CHAPPAQUA, N.Y. -- Students from Chappaqua were recently featured on a television program that celebrates the ways ordinary folks are changing the world.
Brian O’Connor, a fifth-grade social studies teacher at the Seven Bridges Middle School, said he first introduced students to the show “CNN Heroes” in 2009.
His class was part of the network’s live broadcast of its 10th anniversary special on Sunday, Dec. 11.
One of those heroes is Ned Norton, a fitness buff and former health club manager who has devoted his life to providing free, or low-cost, strength and conditioning training to people with disabilities. He was first featured on the show in 2014.
O’Connor said Norton and other CNN Heroes are “the best examples in humanity, compassion, determination, kindness, commitment, awareness and optimism.”
Exposing students to these “amazing role models” contributes to their “growth and maturity,” he said.
By studying them, he said, they can bring “these life lessons to the classrooms, school and everywhere else they go.”
When CNN’s production team was looking for story ideas the anniversary special, a few of the people that were to be featured told them what the Seven Bridges’ students were doing.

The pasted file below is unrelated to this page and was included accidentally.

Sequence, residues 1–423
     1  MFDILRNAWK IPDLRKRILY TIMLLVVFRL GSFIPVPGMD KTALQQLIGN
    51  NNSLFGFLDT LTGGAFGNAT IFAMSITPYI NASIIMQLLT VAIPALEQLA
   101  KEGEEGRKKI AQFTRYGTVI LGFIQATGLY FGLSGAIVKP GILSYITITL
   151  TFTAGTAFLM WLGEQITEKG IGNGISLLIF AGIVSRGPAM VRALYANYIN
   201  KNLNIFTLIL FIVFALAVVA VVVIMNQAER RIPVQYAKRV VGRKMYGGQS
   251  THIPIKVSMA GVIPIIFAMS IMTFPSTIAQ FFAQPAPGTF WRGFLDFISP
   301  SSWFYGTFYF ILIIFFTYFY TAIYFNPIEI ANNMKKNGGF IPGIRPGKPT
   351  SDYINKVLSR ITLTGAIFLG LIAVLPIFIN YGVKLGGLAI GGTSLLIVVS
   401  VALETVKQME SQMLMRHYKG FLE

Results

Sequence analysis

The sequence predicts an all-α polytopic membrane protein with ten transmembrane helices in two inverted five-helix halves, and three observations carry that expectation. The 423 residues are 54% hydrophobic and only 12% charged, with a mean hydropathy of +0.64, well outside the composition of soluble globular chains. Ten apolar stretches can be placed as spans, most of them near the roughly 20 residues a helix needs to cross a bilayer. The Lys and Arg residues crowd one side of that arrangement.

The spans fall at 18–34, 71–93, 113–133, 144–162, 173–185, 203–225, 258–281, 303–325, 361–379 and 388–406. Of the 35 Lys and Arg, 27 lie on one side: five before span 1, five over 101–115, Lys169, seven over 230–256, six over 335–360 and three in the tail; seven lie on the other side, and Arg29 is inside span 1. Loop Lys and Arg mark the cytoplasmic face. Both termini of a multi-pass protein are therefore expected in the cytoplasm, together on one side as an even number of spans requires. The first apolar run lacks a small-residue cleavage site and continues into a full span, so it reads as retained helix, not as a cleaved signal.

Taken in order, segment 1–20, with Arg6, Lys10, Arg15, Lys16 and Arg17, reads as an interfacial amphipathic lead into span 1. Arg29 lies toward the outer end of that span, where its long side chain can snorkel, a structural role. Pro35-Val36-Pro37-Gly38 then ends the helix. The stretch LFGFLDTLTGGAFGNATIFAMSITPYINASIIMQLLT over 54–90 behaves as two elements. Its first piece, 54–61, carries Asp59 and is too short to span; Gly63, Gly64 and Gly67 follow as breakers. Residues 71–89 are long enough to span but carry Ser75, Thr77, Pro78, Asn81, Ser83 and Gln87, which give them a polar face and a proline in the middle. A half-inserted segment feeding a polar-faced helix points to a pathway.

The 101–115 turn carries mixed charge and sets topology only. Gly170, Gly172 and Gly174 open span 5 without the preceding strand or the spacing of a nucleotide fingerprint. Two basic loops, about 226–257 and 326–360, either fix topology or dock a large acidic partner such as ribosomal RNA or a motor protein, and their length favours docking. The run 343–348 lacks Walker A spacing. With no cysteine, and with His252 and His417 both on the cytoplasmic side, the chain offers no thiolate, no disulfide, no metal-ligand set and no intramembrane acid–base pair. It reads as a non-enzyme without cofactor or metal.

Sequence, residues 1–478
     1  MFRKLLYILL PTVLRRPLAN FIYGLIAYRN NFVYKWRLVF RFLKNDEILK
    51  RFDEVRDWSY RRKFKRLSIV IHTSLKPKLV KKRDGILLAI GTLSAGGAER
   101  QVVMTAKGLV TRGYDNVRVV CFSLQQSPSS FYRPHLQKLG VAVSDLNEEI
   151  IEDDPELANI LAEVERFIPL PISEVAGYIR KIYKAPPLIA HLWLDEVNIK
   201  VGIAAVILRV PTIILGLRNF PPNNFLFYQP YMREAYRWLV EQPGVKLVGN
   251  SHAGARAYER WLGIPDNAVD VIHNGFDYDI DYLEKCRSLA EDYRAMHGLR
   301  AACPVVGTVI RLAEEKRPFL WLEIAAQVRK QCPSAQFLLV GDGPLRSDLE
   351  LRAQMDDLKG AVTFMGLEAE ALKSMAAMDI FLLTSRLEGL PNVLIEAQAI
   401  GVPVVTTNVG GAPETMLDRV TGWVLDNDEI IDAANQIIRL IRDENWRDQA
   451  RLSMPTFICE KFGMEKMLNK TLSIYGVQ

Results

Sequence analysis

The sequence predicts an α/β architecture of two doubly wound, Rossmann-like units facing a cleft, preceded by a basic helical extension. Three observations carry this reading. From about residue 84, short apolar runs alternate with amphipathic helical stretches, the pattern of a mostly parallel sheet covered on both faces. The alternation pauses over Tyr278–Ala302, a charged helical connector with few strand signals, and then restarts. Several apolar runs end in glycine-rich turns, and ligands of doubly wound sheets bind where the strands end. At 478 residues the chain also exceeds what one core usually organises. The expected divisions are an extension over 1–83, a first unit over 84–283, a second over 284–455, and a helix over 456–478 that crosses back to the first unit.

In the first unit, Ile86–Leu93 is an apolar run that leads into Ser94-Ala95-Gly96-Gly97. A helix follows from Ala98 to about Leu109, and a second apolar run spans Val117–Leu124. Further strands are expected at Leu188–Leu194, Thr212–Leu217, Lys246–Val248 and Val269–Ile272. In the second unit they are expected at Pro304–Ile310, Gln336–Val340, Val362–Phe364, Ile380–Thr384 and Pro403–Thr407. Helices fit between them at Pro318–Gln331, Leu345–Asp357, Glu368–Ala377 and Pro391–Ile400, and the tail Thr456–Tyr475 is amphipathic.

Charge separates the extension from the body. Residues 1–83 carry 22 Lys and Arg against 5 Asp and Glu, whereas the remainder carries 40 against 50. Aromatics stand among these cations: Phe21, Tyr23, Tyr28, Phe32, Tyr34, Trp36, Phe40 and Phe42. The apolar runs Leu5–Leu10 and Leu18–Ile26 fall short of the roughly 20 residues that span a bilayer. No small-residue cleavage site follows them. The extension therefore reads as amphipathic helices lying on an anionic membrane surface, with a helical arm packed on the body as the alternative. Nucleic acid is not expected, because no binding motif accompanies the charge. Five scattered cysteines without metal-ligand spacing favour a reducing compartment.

Their letters and follow-up Skype conversations were, the team was told, a source of inspiration, enthusiasm and encouragement.
CNN crews visited the school in September to document how O'Connor’s classes learn about the CNN heroes, write the letters and prepare questions for the Skype sessions.
The CNN segment shows the students Skyping with Norton, asking him very intelligent questions and holding up handmade signs.
Each year, O’Connor’s students send letters of thanks, appreciation, encouragement and congratulations to everyday heroes and role models. They ask questions to learn more about them, too, he said.
O’Connor estimated that, since 2009, around 2,800 letters have been sent around the world, reaching as far as Indonesia, Nepal, Kenya, India, England, Colombia, Mexico, Canada and all over the U.S.
After receiving many gracious replies to the letters, Skype calls were added so students could ask questions and learn more about how each hero is making the world a better place.
“My hope is that students take their inspiration from these special 5th-grade experiences and continue to think about how they can use their skills, knowledge, and passion to help others as they get older,” O’Connor said.
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